The College Board released results from three of its programs – PSAT/NMSQT, SAT, and Advanced Placement Program® (AP®)
For the first time ever, the College Board released results from three of its programs – PSAT/NMSQT, SAT, and Advanced Placement Program® (AP®) – in a combined manner. The national and state-level results paint a more complete picture of student progress during high school, showing missed opportunities for just-graduated students and areas where action can be taken to improve student outcomes for those still in high school.
The combined results build on the College Board’s work to move beyond delivering assessments to delivering opportunity.
In September 2013, the College Board released results for the SAT class of 2013 and cited stagnant performance as a call to action to increase college and career readiness. In partnership with its members, the College Board has since engaged in an in-depth analysis of how its programs could be used to increase opportunity.
Following the 2013 results, on March 5, 2014, the College Board made a commitment to a redesigned SAT focused on the skills and knowledge evidence shows matter most for college and career success. The redesigned SAT will first be administered in March 2016.
PSAT/NMSQT Results: Insights into Opportunities
The PSAT/NMSQT is the linchpin among the College Board programs and plays a critical role in the College Board’s work to improve student outcomes. It is the nation’s largest and most representative pre-college assessment and provides valuable early information about student progress.
In 2013-14, a record 3.7 million students took the PSAT/NMSQT. Of these, 1,678,760 (45.9 %) were minority students.
PSAT/NMSQT results are also the best predictor of a student’s potential to succeed in certain AP courses – identifying students with a high likelihood of succeeding in particular AP subjects as early as 10th grade, and providing actionable feedback to help educators, parents, and students address any deficiencies in student preparation.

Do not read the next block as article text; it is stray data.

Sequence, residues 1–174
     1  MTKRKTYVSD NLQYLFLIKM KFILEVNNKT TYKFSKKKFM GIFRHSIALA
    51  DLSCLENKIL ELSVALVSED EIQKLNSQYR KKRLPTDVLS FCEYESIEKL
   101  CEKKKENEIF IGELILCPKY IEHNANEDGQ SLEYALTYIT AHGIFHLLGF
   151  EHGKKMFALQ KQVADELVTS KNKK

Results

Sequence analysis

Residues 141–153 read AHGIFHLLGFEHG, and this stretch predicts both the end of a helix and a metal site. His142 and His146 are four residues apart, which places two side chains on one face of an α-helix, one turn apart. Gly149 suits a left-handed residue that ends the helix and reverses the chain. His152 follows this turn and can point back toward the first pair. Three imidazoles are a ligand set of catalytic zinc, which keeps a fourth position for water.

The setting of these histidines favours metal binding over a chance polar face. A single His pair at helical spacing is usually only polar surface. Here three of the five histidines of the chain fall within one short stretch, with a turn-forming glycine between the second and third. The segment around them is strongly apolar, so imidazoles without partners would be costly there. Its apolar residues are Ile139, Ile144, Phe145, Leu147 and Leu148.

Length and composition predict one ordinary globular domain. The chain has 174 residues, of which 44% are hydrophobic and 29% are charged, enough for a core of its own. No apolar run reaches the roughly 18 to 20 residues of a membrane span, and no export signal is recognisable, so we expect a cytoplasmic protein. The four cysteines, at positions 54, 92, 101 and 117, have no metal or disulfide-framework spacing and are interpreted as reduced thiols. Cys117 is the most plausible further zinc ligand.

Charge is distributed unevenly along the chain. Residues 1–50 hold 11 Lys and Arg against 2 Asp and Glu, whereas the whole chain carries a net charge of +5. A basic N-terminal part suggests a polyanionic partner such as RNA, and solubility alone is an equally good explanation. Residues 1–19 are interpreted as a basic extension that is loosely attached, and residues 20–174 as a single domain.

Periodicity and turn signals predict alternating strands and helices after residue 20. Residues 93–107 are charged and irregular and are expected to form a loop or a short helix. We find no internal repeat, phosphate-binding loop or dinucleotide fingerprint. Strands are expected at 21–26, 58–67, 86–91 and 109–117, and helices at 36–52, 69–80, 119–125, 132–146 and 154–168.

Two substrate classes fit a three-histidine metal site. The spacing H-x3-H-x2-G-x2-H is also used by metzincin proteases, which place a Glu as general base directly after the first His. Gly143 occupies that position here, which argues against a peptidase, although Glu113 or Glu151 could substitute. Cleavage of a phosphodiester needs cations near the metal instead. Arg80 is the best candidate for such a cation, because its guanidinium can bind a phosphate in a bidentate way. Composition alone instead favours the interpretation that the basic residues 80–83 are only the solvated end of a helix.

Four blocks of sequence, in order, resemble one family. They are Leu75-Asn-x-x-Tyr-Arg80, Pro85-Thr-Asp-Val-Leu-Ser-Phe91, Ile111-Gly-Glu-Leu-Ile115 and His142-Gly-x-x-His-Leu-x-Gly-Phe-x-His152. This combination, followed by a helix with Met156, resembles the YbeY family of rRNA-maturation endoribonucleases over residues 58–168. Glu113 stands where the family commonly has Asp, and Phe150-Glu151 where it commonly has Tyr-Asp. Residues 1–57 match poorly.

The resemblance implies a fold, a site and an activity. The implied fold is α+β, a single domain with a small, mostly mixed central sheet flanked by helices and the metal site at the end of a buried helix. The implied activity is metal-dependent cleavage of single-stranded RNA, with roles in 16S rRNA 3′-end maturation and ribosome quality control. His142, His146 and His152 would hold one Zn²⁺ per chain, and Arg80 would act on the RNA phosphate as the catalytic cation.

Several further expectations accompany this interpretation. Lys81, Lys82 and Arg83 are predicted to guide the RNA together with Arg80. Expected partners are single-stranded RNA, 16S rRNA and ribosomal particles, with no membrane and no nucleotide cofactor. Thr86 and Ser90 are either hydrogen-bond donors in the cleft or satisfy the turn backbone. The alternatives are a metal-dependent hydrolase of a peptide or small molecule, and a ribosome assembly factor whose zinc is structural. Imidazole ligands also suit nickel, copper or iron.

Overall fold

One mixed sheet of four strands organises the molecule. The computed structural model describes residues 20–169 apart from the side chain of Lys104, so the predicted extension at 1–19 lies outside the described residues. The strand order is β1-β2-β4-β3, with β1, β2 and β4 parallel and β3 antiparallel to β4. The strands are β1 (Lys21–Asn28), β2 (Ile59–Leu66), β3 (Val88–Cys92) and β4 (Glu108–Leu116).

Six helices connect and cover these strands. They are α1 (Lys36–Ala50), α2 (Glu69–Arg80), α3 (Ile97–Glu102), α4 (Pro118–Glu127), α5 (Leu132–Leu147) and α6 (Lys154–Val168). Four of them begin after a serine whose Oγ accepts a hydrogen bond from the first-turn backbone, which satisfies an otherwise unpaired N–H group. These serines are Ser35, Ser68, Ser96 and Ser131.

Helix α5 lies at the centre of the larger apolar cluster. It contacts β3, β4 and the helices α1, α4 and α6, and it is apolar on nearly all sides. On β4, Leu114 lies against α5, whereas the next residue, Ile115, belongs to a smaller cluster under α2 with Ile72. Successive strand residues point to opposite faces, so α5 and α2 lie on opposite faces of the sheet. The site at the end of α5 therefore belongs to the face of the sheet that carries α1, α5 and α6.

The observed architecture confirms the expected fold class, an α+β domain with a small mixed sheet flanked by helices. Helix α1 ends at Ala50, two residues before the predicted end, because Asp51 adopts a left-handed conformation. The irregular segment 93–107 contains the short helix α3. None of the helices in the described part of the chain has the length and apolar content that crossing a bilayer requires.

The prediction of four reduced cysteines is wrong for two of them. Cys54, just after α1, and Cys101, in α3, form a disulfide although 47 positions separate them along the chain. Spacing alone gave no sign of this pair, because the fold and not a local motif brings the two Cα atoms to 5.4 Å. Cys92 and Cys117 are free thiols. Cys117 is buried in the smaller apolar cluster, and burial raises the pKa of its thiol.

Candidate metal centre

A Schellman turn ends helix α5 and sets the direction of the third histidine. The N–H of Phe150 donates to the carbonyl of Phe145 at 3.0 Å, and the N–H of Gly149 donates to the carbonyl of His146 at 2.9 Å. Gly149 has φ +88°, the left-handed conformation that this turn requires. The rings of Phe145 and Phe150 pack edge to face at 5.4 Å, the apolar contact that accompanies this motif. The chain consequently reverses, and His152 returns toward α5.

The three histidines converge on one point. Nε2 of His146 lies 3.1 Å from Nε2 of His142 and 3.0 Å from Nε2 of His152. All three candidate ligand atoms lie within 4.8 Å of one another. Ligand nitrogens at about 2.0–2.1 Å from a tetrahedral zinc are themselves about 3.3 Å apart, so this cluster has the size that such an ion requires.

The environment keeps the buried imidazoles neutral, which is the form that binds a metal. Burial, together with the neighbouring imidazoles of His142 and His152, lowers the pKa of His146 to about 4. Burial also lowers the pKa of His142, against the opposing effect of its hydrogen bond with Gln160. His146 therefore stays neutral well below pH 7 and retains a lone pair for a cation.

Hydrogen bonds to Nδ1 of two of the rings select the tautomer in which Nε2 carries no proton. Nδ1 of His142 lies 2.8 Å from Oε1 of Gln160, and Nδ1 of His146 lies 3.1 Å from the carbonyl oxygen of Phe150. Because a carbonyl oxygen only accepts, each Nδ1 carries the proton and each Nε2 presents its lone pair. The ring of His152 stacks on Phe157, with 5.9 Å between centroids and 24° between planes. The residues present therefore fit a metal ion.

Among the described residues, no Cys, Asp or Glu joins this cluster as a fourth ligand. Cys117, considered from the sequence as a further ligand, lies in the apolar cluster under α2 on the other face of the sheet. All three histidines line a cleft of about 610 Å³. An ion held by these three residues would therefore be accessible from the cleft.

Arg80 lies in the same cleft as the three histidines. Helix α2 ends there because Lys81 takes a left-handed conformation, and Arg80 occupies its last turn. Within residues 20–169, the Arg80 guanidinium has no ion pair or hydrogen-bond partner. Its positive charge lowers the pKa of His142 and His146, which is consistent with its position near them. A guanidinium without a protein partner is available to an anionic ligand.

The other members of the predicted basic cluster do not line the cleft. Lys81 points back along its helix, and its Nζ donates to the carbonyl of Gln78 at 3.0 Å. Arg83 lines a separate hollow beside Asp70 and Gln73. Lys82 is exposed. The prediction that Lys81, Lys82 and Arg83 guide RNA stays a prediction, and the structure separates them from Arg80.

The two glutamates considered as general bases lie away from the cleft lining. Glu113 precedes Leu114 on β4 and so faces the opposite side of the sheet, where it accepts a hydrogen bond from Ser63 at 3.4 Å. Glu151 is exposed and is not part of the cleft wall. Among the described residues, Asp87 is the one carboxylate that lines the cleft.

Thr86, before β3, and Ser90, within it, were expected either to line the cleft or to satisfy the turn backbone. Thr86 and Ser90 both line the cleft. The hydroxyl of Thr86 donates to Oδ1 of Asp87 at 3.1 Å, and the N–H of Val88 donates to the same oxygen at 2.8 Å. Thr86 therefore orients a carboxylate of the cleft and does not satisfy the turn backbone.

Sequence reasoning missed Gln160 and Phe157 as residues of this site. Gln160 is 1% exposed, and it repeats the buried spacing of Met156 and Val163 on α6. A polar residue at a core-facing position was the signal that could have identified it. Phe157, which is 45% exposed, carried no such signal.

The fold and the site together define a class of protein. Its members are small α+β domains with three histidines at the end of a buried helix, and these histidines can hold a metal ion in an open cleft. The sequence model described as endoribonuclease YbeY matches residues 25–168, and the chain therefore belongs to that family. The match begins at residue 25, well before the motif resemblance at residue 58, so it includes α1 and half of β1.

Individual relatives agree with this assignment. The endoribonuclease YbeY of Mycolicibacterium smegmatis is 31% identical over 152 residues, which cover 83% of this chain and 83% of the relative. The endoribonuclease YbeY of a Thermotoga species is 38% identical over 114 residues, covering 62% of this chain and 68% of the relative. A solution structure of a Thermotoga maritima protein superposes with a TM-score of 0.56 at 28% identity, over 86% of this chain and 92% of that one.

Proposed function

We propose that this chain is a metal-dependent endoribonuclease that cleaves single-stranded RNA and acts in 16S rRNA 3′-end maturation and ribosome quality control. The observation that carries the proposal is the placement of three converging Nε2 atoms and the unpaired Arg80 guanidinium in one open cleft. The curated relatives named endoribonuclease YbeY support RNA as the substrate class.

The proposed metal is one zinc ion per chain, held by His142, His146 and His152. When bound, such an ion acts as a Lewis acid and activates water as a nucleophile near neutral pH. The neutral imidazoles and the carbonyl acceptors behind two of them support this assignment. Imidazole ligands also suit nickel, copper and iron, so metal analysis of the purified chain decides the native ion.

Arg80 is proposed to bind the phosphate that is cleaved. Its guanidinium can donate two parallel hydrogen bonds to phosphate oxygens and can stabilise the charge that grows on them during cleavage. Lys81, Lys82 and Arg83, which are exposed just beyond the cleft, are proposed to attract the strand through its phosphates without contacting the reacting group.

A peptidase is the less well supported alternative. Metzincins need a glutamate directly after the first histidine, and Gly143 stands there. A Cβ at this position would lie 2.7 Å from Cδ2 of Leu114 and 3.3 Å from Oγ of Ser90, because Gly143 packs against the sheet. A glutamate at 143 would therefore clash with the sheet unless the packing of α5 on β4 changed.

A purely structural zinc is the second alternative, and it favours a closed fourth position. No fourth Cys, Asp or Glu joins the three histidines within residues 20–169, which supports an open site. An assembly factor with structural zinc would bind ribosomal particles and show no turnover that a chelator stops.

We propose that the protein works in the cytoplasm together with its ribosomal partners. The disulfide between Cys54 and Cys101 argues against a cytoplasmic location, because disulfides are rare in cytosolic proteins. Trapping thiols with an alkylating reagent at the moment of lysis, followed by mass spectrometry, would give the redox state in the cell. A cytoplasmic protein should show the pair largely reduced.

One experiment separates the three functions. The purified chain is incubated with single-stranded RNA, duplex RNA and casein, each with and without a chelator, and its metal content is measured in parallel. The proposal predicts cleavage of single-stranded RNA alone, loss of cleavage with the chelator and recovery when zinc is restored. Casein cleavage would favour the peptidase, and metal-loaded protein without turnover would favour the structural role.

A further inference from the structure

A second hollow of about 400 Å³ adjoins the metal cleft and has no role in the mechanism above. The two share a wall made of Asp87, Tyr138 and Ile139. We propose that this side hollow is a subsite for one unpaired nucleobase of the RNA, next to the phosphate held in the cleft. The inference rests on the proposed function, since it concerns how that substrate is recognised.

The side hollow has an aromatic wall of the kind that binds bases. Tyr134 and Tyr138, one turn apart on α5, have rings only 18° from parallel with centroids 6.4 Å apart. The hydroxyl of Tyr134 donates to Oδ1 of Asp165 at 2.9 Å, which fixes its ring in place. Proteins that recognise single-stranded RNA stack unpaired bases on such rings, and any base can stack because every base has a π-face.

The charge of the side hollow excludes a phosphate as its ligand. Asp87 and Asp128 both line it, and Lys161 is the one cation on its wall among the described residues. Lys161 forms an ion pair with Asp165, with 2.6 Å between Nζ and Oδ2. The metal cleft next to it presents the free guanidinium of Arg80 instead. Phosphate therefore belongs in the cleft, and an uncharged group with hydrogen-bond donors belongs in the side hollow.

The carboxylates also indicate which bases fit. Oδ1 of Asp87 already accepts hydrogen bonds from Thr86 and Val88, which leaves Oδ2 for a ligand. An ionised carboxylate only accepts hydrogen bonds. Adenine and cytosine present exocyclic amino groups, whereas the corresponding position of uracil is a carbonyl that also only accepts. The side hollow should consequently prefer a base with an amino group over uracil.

PSAT/NMSQT results show in the public high school class of 2014, almost four out of 10 students with AP potential did not take an AP course for which they showed likelihood of success.
In the class of 2016, nearly a half a million (491,508) students who took the PSAT/NMSQT in October 2013 show potential to succeed in AP courses. Among public school students, 381,792 show potential. For context, 38.3 % of public school students in the class of 2016 took the PSAT/NMSQT in October 2013.
By identifying potential for more students early, we can help them take advantage of opportunities they have earned.
SAT Results: Opportunities Missed in the Class of 2014
The SAT is a key piece of the college admissions process. A look at the SAT class of 2014 shows an increase in overall participation – including among minority students and students who took the exam using a fee waiver.
1,672,395 students from the class of 2014 took the SAT, an increase compared to 1,660,047 students last year.
793,986 students were minority students — an increase from 762,511 last year.
394,992 students took the exam using a fee waiver, an increase from 387,748 last year.
However, overall performance remained stagnant. Only 42.6 % of SAT takers in the class of 2014 met the SAT College and Career Readiness Benchmark.